Celebrated director Doris Dorrie’s “Cherry Blossoms” concerns the enriching odyssey of life lived after the cruel death of a loved one, tracing that specific psychological abyss for a German man at ease with his habitual life and now confronted with cataclysmic change.
Endearing, modestly tear-jerking, and basted with just enough culture shock oddity to keep the cinematic brew tart and curious, “Blossoms” is an emotionally charged pearl of a film.
Upon learning her husband Rudi (Elmar Wepper) has a terminal illness, devoted wife Trudi (Hannelore Elsner) elects to keep the death sentence from him, instead she pushes the couple to leave their rural home in Bavaria to visit estranged family in Berlin. In a cruel twist of fate, Trudi dies on the trip, leaving Rudi a mess, yet receptive to carrying out his wife’s dream to visit Japan and learn more about her obsession with Butoh dancing. Once in Tokyo to see the youngest of his alienated children, Rudi is overwhelmed with the fast-paced culture of the big city, finding comfort in Yu (Aya Irizuki), a street performer working out her own issues of grief through the artistry of Butoh.
Dorrie (“Men”) really had all the invitation a filmmaker needs to turn “Cherry Blossoms” into a sudsy, invasive Lifetime movie of the week. The ingredients are all accounted for: unexpected death, dysfunctional family spread across the globe, and a fish out of water scenario. However, Dorrie urges the material to symbolize more than simple histrionics; she’s after the seeds of mourning and the profound weight of regret. “Blossoms” forgoes any real plotting to float gently on the beauty of response, with the filmmaker allowing the actors to guide the feature with their understated emotional instincts, working their way into characters forced to express their desires and apologies after decades of uniform schedules and corked communication are erased by a single startling death.
The principal relationship between Rudi and Trudi is where Dorrie obtains outstanding behavioral nuances. Played with truly triumphant elegance and poignant detail by Wepper and Elsner, the couple’s movement from stagnant living to ill-fitting travel invites a host of foibles for Dorrie to focus on, soon soured once the couple finds their children have little room left in their hearts for their old-world parents who embrace order, traditional German food, and tightly choreographed domestic creature comforts. The first half of the film is devoted to the crush of parental lament and candid familial perspective, as Trudi senses mistakes made with her adult kids and confronts the lost dreams of her youth. It’s just heart-wrenching stuff.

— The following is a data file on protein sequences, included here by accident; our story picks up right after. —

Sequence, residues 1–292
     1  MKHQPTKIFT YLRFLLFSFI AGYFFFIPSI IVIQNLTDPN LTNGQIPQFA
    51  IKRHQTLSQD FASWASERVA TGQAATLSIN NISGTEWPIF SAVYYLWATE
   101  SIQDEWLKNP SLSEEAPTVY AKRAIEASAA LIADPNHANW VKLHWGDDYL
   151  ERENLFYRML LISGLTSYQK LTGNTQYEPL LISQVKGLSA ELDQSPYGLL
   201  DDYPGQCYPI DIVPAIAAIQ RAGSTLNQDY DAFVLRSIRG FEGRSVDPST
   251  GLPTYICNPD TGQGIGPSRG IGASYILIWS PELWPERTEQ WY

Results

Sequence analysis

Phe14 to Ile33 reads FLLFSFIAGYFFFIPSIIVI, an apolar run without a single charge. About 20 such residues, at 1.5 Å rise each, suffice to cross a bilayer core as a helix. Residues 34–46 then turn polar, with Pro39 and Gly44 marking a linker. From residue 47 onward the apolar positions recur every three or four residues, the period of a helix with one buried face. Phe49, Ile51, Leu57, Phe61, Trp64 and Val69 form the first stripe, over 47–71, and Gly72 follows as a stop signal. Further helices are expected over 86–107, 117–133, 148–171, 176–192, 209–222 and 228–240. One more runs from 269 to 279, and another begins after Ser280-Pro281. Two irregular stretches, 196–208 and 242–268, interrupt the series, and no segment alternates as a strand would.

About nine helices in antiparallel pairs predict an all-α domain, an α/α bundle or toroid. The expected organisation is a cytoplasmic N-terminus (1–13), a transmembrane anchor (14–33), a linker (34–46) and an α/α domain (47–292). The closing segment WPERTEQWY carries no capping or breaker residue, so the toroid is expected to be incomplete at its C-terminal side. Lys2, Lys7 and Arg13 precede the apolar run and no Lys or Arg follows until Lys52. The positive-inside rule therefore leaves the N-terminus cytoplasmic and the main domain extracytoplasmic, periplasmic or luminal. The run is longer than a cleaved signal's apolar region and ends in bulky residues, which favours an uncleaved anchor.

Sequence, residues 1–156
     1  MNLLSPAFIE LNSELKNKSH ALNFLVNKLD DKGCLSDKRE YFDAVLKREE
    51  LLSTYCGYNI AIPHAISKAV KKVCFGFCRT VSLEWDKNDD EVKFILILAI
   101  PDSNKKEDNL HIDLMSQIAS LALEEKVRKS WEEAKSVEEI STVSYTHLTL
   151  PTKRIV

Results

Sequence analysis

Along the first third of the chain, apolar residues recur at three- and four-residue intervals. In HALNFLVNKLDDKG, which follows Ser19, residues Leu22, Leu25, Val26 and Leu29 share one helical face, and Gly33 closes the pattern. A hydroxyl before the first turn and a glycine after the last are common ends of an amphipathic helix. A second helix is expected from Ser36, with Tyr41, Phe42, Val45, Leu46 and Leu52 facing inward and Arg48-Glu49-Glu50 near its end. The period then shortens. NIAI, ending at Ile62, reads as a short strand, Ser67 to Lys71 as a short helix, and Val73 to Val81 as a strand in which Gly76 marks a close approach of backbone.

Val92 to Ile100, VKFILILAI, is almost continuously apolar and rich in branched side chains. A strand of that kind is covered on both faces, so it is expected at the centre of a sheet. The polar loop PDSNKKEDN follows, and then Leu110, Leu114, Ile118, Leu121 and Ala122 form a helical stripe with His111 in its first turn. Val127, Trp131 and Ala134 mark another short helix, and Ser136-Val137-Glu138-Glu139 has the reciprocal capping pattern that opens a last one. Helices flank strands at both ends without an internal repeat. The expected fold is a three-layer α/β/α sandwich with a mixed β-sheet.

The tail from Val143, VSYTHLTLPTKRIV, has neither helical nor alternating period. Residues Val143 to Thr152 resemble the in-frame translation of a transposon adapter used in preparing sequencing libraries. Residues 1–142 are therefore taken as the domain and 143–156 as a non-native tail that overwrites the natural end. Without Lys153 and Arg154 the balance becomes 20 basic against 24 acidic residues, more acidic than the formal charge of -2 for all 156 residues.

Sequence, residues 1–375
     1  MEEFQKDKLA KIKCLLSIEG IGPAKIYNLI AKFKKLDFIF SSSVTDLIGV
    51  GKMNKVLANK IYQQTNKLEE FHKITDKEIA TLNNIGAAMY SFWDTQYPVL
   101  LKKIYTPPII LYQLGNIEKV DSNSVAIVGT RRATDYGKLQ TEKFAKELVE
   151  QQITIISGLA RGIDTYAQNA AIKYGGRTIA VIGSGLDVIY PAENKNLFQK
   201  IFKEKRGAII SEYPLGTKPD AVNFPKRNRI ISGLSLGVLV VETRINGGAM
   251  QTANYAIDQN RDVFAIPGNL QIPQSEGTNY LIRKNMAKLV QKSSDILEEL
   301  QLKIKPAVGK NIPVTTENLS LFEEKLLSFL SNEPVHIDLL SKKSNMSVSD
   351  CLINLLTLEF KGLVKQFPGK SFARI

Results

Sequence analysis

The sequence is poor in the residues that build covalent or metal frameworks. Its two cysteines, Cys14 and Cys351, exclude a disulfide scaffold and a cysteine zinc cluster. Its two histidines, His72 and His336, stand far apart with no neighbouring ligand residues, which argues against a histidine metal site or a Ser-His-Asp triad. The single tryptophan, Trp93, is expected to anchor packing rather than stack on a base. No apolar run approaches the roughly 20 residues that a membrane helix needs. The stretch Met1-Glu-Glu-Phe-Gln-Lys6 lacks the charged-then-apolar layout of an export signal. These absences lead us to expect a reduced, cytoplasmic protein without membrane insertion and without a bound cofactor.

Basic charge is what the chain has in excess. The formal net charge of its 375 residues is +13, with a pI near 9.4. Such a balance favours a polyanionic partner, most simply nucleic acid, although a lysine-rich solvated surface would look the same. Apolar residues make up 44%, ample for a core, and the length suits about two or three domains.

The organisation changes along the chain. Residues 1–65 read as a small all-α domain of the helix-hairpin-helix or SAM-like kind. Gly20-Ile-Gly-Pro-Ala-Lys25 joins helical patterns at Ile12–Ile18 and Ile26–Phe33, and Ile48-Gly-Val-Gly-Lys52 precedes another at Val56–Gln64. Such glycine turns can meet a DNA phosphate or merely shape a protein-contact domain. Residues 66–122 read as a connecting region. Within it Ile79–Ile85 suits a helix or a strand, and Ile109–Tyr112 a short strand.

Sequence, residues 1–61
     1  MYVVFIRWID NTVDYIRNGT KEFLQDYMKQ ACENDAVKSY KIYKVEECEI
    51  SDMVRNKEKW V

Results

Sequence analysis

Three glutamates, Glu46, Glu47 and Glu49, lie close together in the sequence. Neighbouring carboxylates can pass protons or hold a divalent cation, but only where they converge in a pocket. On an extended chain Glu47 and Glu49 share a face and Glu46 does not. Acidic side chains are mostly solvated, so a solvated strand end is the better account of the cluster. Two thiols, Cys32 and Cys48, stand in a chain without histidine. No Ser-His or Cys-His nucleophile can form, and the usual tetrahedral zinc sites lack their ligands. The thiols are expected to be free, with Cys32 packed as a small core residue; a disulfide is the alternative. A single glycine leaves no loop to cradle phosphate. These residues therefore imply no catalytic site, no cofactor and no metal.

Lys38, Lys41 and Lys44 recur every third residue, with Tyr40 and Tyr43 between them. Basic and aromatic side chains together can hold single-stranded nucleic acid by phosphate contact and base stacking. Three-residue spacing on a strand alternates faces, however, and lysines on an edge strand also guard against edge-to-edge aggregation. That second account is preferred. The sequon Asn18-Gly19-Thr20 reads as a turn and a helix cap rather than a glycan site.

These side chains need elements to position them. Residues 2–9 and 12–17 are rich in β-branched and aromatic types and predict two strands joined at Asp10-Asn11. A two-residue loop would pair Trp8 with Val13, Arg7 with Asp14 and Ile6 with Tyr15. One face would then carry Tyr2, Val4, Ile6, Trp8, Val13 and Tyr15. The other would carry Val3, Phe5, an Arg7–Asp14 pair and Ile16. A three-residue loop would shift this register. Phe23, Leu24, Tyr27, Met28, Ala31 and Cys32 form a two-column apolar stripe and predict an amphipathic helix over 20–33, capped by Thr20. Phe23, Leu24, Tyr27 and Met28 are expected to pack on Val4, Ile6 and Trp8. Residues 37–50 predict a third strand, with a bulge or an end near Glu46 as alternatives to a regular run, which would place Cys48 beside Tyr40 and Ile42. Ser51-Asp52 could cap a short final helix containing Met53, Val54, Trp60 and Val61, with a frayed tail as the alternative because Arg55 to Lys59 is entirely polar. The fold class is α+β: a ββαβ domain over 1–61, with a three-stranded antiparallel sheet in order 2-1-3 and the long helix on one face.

Once Rudi travels to Tokyo, “Blossoms” becomes more about catharsis heaped upon an unprepared man. Eager to celebrate the memory of his adored wife, Rudi searches blindly for gardens of Cherry Blossom trees, Butoh dancers, and ultimately the bashful summit of Mount Fuji to locate an opening to Trudi’s heavenly spirit. Dorrie doesn’t glaze on the sentiment here, instead detailing Rudi’s worrying confusion as he stumbles around wearing his wife’s clothes over his own (an act more loving than it reads) or mistakenly seeking distraction in Tokyo’s red light district. It’s a beautiful depiction of loss lacking a conduit for proper extraction, and it allows the film the opportunity to find amazingly vulnerable spaces to explore within Rudi.
“Blossoms” also digs into the sights and smells of the cities visited, with the agile Tokyo sequences vibrating from a stunning immediacy as Rudi learns of strange customs and communication. The camera is not shy to soak up the minutiae, and the film benefits immensely from this attention to detail and semi-deification of Eastern rituals, most directly the Butoh dance and its spiritual place in Trudi’s life.
With exquisite performances, engaging camerawork, and a compassionate story that cuts directly to bone, “Cherry Blossoms” is a riveting, perceptive feature film, and one that’s ready to display emotions at their most feral and startling. It’s an incredible motion picture.Rating: A